Honeychurch, Dr. William, Smithsonian Institution, Washington, DC; and Amartuvshin, Chunag, Academy of Sciences, Ulaanbaatar, Mongolia - To aid collaborative research on early Iron age political transition, Middle Gobi, Mongolia, 2004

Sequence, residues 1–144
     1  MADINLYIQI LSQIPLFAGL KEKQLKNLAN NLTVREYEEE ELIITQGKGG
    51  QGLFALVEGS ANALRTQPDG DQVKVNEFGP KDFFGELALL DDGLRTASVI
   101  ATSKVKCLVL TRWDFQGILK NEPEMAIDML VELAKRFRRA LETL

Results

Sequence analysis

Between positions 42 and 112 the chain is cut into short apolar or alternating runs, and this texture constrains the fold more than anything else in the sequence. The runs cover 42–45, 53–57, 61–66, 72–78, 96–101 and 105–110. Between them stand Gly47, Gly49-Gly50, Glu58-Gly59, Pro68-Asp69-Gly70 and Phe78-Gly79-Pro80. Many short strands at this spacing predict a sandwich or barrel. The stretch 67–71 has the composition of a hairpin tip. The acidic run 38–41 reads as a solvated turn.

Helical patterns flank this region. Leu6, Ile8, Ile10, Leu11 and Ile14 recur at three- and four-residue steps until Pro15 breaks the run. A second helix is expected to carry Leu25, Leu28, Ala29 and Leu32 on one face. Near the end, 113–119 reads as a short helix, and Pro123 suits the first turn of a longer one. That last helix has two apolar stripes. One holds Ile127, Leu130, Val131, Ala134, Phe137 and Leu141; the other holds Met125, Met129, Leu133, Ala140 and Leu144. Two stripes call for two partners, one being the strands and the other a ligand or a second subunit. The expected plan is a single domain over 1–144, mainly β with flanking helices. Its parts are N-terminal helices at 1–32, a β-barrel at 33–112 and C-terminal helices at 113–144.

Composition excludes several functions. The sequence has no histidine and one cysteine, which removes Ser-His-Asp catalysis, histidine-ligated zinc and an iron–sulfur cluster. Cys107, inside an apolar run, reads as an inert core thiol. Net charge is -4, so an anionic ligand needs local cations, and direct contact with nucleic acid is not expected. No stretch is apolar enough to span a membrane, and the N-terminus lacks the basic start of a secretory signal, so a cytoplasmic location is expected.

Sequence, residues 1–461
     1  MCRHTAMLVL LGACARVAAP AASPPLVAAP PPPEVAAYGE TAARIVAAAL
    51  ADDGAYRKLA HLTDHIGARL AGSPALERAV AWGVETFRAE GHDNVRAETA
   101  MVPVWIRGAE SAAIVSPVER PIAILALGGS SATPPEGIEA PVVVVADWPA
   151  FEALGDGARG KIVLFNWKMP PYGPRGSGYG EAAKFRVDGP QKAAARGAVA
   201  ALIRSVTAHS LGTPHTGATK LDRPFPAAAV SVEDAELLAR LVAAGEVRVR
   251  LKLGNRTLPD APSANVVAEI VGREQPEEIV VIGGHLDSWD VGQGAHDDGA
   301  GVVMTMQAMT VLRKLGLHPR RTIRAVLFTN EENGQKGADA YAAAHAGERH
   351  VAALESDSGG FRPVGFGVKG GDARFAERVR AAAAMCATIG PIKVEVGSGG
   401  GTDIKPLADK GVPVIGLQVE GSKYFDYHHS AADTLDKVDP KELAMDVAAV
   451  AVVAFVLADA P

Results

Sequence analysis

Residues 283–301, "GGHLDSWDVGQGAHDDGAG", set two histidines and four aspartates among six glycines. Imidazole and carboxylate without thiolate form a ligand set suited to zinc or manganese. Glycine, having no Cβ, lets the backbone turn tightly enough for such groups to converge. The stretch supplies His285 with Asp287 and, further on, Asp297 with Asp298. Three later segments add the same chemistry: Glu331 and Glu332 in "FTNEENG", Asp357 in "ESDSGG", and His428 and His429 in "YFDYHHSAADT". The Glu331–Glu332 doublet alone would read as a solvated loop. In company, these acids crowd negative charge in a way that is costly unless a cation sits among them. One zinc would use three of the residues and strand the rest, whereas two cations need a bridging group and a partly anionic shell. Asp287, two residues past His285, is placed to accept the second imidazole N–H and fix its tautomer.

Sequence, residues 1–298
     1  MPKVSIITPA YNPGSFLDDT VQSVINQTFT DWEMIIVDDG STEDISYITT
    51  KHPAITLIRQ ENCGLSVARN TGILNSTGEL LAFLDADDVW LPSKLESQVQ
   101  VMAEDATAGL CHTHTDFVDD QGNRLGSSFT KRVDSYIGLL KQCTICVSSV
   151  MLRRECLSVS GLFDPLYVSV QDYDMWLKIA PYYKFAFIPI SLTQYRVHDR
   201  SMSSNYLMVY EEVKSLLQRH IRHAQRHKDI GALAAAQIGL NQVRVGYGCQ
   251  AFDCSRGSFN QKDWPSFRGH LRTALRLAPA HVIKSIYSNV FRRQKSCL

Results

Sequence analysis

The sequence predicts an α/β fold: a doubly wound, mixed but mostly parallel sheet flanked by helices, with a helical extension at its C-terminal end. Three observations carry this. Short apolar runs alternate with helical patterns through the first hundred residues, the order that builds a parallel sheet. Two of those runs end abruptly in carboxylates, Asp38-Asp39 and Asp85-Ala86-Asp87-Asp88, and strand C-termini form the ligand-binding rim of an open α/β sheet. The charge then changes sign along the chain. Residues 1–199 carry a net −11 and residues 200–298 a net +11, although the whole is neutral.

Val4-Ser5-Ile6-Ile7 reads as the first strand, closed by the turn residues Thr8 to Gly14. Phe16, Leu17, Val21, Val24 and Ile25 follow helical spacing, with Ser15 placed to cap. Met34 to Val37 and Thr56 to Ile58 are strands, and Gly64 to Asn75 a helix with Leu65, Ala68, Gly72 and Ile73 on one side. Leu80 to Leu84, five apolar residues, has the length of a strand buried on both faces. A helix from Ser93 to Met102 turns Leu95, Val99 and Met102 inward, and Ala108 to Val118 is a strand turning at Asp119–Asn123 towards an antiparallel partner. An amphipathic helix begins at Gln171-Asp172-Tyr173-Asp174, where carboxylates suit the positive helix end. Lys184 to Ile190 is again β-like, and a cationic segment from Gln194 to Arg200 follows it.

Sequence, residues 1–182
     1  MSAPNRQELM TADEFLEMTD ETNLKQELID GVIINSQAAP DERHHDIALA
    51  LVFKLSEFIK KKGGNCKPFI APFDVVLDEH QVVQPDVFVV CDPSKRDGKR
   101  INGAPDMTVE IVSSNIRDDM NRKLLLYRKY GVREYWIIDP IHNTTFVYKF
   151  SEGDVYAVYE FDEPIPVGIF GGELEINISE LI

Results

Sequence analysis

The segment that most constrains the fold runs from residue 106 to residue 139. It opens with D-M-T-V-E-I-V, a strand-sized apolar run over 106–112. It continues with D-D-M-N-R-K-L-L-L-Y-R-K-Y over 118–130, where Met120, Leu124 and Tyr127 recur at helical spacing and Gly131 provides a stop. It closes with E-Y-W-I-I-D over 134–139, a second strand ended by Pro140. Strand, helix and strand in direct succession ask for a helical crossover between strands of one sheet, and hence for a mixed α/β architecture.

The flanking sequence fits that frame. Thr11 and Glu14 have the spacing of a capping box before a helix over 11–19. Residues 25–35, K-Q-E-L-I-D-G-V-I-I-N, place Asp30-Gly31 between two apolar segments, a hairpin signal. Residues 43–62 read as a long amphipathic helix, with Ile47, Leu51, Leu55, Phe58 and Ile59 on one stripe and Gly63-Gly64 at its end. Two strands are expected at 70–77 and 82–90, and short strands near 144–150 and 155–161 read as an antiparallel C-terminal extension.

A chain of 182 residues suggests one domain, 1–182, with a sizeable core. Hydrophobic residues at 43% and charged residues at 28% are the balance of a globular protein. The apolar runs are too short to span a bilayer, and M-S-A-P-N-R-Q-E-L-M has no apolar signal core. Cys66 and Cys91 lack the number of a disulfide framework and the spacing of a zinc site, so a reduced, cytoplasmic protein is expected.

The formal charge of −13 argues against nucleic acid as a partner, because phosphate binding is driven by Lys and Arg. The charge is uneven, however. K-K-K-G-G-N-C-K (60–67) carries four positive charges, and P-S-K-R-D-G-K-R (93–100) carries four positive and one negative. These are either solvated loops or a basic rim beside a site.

DR. WILLIAM HONEYCHURCH, of the Smithsonian Institution in Washington, DC, and DR. CHUNAG AMARTUVSHIN, of the Institute of Archaeology, Academy of Sciences, Ulaanbaatar, Mongolia, were awarded an International Collaborative Research Grant in May 2004 to aid collaborative research on the early Iron Age political transition in the middle Gobi Desert of Mongolia. The emergence on the Inner Asian steppe of regional confederacies of pastoral nomads figured prominently in the early historical records of China and other Old World states. Current hypotheses differ about whether such polities arose as the result of indigenous political processes or from the influence of sedentary neighbors. Models illustrating these hypotheses are often based on historical sources and are rarely designed for testing against archaeological evidence. The Baga Gazaryn Chuluu survey was designed to test ideas for early political development on the steppe using regional survey data and excavation. The project was set in a marginal frontier area with characteristics suitable for the study of both internal and external economic and political processes. The second season of research, July through August 2004, resulted in the survey of approximately 103 square kilometers. More than 500 archaeological sites were discovered, ranging from the Paleolithic to the early twentieth century and including settlements, tombs, and petroglyphs. Sites dating to the early first millennium b.c.e. and to the period of the emerging Xiongnu steppe polity (ca. 200 b.c.e.) provided evidence that competition between Early Iron Age centers, networks of exchange extending as far as Inner Mongolia, and patterns of differential political sustainability were important in the rise of the first regionally organized, complex polity on the northeastern Asian steppe.